Focus on Quality

Operational Model Quality

picture by xianrendujia via Flickr

Quality is an underappreciated aspect of data models. The purpose of a model is not just to capture the business requirements, but also to represent them well. A high quality model lessens the complexity of development, reduces the likelihood of bugs, and enhances the ability of a database to evolve. There are both qualitative and quantitative measures of quality.

This is the first of a two-part series. This blog discusses quality for day-to-day operational applications. Next month’s blog will discuss data warehouses.

Continue reading Operational Model Quality

data model

Ten Reasons Why Developers Ignore Data Models

picture by londonbonsaipurple via Flickr

Why do some developers think they can dive in and build a database application without first constructing a data model? They are violating the whole premise of software engineering which is to think before acting. Data modeling provides a means for focusing the mind and is necessary for a systematic, repeatable approach to development.

Continue reading Ten Reasons Why Developers Ignore Data Models

Database Design Errors

Miscellaneous Database Design Errors

picture by strange little woman on stream via Flickr

This is the third and final blog in a series about database design errors. The two previous blogs addressed primary key and foreign key errors as well as confusion with many-to-many relationships. Now let’s discuss several other design errors. Our coverage is clearly not complete, but these are common mistakes that are found in practice.

Continue reading Miscellaneous Database Design Errors

Database Design Errors

More Database Design Errors – Many-to-Many Relationships

picture by strange little woman on stream via Flickr

A many-to-many relationship is an intersection of two entities. A person may own stock in multiple companies. A company can have multiple stockholders. The combination of a person and a company stock has an attribute of the number of shares owned. A many-to-many relationship depends for its existence on the underlying entities.

Relational databases and SQL have robust support for many-to-many relationships. Referential integrity keeps relationships consistent with their underlying entities and SQL can efficiently combine them in queries. In contrast, programming languages lack support for keeping references consistent with referents and providing easy traversal. As a result programmers have to use workarounds to handle many-to-many relationships in their code. Sometimes they make the bad decision to contaminate a database with their programming representation.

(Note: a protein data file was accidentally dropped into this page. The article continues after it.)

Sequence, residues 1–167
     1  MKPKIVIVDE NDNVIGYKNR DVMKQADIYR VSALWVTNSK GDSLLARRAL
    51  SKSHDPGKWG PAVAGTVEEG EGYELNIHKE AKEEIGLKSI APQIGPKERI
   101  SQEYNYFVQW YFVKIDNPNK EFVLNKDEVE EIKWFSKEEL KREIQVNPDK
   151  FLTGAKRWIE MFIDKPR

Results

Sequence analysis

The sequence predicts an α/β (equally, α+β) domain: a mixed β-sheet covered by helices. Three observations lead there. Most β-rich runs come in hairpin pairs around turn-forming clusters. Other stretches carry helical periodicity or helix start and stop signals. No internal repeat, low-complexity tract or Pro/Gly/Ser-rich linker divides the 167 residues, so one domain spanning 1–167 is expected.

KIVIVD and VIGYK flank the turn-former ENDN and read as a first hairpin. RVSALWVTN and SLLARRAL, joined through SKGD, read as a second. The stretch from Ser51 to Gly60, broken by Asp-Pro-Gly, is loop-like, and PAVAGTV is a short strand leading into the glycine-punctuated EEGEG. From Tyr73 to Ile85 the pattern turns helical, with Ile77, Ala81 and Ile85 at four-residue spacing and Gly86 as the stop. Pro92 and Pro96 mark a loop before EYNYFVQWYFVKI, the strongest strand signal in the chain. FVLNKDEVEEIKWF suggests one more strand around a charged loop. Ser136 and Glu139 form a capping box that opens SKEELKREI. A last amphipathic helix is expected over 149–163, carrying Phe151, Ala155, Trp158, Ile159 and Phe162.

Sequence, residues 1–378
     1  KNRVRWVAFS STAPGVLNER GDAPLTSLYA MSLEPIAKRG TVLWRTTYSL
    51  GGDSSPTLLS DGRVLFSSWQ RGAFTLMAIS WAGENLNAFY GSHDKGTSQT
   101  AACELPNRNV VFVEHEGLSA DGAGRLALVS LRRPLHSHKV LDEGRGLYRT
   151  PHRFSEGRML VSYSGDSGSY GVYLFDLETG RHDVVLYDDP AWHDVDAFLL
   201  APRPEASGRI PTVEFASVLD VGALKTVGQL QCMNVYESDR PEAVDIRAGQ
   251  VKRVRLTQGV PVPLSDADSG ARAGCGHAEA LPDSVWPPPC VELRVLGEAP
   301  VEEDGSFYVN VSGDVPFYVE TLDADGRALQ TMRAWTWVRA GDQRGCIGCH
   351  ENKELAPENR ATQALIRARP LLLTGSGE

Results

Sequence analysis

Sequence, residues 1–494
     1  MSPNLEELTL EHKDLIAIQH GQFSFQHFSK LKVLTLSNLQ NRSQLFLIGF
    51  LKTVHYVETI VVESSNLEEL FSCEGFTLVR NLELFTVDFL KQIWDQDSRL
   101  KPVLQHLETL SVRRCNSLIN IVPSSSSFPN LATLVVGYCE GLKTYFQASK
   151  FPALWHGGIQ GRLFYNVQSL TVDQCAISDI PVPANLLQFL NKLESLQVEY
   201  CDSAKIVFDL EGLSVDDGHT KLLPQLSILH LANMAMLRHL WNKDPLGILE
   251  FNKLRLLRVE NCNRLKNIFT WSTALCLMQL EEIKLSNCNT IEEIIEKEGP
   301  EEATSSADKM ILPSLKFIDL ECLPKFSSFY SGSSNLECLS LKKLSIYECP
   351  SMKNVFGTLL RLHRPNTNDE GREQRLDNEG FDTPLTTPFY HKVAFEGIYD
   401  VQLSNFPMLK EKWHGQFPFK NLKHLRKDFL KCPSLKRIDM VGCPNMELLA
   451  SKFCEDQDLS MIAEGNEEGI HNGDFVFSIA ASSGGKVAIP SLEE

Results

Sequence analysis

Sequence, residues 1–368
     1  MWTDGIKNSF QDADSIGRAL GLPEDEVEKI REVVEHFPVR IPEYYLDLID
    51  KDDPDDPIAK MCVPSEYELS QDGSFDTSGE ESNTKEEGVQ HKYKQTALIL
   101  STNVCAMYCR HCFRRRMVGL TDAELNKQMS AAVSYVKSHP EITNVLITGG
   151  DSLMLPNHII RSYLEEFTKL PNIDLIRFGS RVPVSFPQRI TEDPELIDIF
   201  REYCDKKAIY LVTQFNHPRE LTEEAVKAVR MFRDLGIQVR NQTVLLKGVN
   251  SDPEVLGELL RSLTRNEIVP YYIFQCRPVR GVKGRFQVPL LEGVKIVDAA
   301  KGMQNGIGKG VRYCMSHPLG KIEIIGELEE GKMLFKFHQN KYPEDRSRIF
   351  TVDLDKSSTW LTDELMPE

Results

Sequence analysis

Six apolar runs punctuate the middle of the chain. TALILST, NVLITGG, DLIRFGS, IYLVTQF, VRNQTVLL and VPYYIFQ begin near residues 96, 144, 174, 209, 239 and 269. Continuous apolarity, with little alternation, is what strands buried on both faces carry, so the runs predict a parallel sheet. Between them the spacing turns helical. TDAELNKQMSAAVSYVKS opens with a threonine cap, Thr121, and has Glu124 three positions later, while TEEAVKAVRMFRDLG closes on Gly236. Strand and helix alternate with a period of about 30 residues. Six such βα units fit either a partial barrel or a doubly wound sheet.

Continue reading More Database Design Errors – Many-to-Many Relationships

Database Design Errors

Primary Key and Foreign Key Errors to Avoid

picture by strange little woman on stream via Flickr

Few IT applications are truly grass roots. Rather most new applications are intended to replace or complement existing applications. As a result, we often find ourselves working with legacy databases. This article is based on 50 legacy databases that we’ve studied over the years. In our experience about 20% of database designs are clean and problem free. The remainder have design errors. This blog discusses primary key and foreign key errors. Subsequent blogs will address other design errors.

Continue reading Primary Key and Foreign Key Errors to Avoid

building architecture

Why Doesn’t SOA Use Data Models?

picture by Santi Mendiola via Flickr

The short answer is that’s there’s no good reason.

SOA, the Service-Oriented Architecture, is a popular approach for organizing business functionality. From the literature it’s clear that SOA’s emphasis is on programming. That’s ironic given that most SOA services deal with the reading and writing of data. We seldom see SOA developers creating substantive data models. This is a flawed approach that needs correction.

Continue reading Why Doesn’t SOA Use Data Models?

Traversal

Traversal of Data Models

picture by Onilad via Flickr

Developers routinely use data models for defining database structure. This is beneficial, but it uses only part of data modeling’s power. Data models not only capture data structure, but they also express the potential for computation. Traversals of models can provide blueprints for resolving use cases, phrasing SQL queries, and assessing quality.

Continue reading Traversal of Data Models

cover for Agile Data Warehouse Design

Agile Data Warehouse Design Video Course

My new video course — Agile Data Warehouse Design — is now on the market.

A data warehouse is a database dedicated to decision support and business analysis. The inputs to a data warehouse are data from the day-to-day operational systems. A data warehouse integrates the input data and restructures it so that it is amenable to data mining.

With an agile approach developers build a data warehouse rapidly to get it into the hands of business users so they can give feedback. Where possible, SQL code substitutes for programming and ETL scripts.

The course is organized about a threaded case study for the retail industry.